The Chinese title roughly means “Confusing City” – which could also apply to the stop-start script. Lacking any thoroughgoing momentum, it centres on two step-brothers, one a former cop, the other a former petty criminal, who end up being pursued by various villains after helping a drunken young Mainland woman one night. She, it turns out, has a case stuffed with cash and gold stolen from the Mob, as well as knowing a bit too much about the dealings of them and her ex-boyfriend, a bent lawyer. The film looks like being a one-thing-leads-to-another moto perpetuo, as the step-brothers find themselves drawn deeper and deeper into a well of darkness. Instead, it keeps pausing for scenes of character development that are blandly written and, apart from Hong Kong’s Yu Wenle 余文乐 [Shawn Yue], played with little freshness. Lin, 60, used to be known for the greater depth of his characters compared with those in many Hong Kong crime dramas; but here he seems to be punching the clock as a writer.

The film does look great in the widescreen photography by Australia-born Ross W. Clarkson (Lin’s The Suspect 极度重犯, 1998; Victim; Looking for Mister Perfect 奇逢敌手, 2003), with some memorable urban nightscapes; but there’s rarely any street feel to give the action and drama some extra oomph. Editing by Du regular David Richardson is as sharp as ever; music by Canada’s Dave Klotz, also a regular with the Du/Milkyway Image team, adds little.

Yu, often stuck in dull roles, is enjoyably relaxed and occasionally combustible here as the younger step-brother, and has as much chemistry as possible with the glassy-eyed Gu Tianle 古天乐 [Louis Koo] as his ex-cop elder. Only in one scene, where he beats the bejeezus out of a punk gangster in a toilet does Gu make a virtue of his stony look; otherwise, his character hardly registers inbetween spouting cliched remarks about money being the source of all evil.

As the woman in the middle, Mainland actress Tong Liya 佟丽娅 (the landlady in Detective Chinatown 唐人街探案, 2015) makes little impression amid a forest of Hong Kong character actors: Ren Dahua 任达华 [Simon Yam] pops up here and there as a police boss, Li Canchen 李璨琛 [Sam Lee] as a sneering punk gangster, Yuan Qiu 元秋 as the step-brothers’ mother, and so on. Only Taiwan’s Zhang Xiaoquan 张孝全 [Joseph Chang] cuts an intriguing figure as a psychopathic thug, giving the finale some power but not given much of a chance to develop a role of true villainy.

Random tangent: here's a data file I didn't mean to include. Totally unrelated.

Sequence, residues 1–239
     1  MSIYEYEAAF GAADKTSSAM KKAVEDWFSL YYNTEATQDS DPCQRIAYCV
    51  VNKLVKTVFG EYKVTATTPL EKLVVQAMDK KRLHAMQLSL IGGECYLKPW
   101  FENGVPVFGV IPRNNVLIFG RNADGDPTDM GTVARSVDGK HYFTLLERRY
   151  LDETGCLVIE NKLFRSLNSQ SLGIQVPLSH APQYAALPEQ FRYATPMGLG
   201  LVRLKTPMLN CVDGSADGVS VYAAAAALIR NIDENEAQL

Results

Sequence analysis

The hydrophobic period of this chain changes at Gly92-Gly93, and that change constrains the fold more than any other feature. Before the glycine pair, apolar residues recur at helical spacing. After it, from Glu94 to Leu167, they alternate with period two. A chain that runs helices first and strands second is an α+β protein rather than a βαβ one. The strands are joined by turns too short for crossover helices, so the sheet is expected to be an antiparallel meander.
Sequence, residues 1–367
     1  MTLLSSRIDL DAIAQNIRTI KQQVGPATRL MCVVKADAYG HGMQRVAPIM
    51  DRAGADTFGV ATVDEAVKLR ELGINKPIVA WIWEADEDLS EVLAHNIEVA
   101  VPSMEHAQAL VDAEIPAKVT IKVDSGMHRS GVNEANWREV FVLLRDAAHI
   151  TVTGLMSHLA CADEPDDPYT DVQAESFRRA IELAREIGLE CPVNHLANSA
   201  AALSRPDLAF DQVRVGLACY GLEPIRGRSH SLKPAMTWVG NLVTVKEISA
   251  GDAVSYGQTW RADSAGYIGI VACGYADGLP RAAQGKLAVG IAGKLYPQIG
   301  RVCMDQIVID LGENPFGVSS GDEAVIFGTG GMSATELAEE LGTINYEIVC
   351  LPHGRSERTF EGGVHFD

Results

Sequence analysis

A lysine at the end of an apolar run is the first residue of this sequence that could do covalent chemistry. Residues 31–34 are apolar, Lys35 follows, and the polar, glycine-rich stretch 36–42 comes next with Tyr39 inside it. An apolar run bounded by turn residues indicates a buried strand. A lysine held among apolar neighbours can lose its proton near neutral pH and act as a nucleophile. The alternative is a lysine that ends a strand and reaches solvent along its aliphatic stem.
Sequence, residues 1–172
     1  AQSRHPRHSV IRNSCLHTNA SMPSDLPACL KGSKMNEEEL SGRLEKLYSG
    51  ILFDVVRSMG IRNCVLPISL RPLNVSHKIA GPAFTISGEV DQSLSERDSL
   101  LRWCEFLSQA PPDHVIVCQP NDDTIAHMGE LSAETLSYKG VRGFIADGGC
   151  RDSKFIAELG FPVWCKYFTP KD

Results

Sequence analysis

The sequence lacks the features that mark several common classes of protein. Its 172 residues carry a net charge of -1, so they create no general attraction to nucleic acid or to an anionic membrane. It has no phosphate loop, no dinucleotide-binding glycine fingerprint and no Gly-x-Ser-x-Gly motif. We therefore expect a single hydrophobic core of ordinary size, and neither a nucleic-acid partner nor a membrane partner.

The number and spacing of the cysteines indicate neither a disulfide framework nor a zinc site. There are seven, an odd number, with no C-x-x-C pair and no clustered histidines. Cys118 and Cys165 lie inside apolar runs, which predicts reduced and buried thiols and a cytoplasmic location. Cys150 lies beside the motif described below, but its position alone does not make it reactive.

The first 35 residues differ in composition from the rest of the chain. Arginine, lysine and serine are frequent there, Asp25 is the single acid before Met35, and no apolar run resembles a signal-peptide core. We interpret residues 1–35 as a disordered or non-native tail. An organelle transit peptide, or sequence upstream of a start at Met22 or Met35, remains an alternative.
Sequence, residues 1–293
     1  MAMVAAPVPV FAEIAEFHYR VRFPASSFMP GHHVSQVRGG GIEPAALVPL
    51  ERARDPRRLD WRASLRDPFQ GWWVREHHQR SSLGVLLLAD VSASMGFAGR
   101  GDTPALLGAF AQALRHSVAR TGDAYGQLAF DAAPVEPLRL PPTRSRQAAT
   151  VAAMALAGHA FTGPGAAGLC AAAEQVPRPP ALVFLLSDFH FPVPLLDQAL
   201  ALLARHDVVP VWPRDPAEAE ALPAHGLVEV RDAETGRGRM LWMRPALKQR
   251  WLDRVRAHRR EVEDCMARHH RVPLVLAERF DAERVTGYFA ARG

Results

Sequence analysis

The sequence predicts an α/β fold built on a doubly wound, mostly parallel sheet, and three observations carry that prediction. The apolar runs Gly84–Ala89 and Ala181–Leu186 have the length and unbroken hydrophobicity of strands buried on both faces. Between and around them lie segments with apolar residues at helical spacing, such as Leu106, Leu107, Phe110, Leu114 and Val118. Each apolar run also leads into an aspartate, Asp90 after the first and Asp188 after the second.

The Chinese title on Mainland posters, but not on the actual film, is 谜城 (“Mystery City”), presumably to distinguish it in the advertising from Mainland drama Distant Thunder 迷城 (2010), directed by Zhang Jiarui 章家瑞 and starring Huo Siyan 霍思燕 and Guo Xiaoran 郭晓然. In China the film grossed a respectable but unremarkable RMB149 million.


Presented by Beijing East Light Films (CN).

Script: Lin Lingdong [Ringo Lam]. Photography: Ross W. Clarkson. Editing: David Richardson. Music: Dave Klotz. Art direction: Cai Huiyan, Li Guolin. Costume design: Zhang Zhaokang. Sound: Liu Jianming, Nopawat Likitwong. Action: Huang Weihai. Car stunts: Huo Yongfu, Chen Weiqiang. Visual effects: Luo Weihao (Different Digital Design). Executive direction: Qian Wenqi [Chin Man-kei].

Cast: Gu Tianle [Louis Koo] (Guo Tianmin/T-Man), Yu Wenle [Shawn Yue] (Guo Shaocong), Tong Liya (Tang Yun), Zhang Xiaoquan [Joseph Chang] (Heitou/Blackie), Xie Tianhua (Jiang Zuozhi/George), Yuan Qiu (Hua/Mona, Guo Tianmin’s stepmother), Li Canchen [Sam Lee] (Ren, gang leader), Wu Yunlong [Philip Ng] (Guan, senior detective), Jiang Haowen [Philip Keung] (Quan), Lin Zishan (Mazai Ji), Ren Dahua [Simon Yam] (Wang, police inspector), Gao Jie [Jack Kao] (Lao Ge, Taiwan gang leader/King), Ma Yuke (Liang Hao), Tan Bingwen (big boss), Jiang Zuman (Bao), Xu Weidong (Gui), Che Jianhui (Guo Tianmin’s father), Liang Zihao (young Guo Tianmin), Zheng Younan (young Guo Shaocong), Li Huiling (Jiang Zuozhi’s girlfriend).

Premiere: Taipei Film Festival (Gala Premieres), 10 Jul 2015.

Release: China, 30 Jul 2015.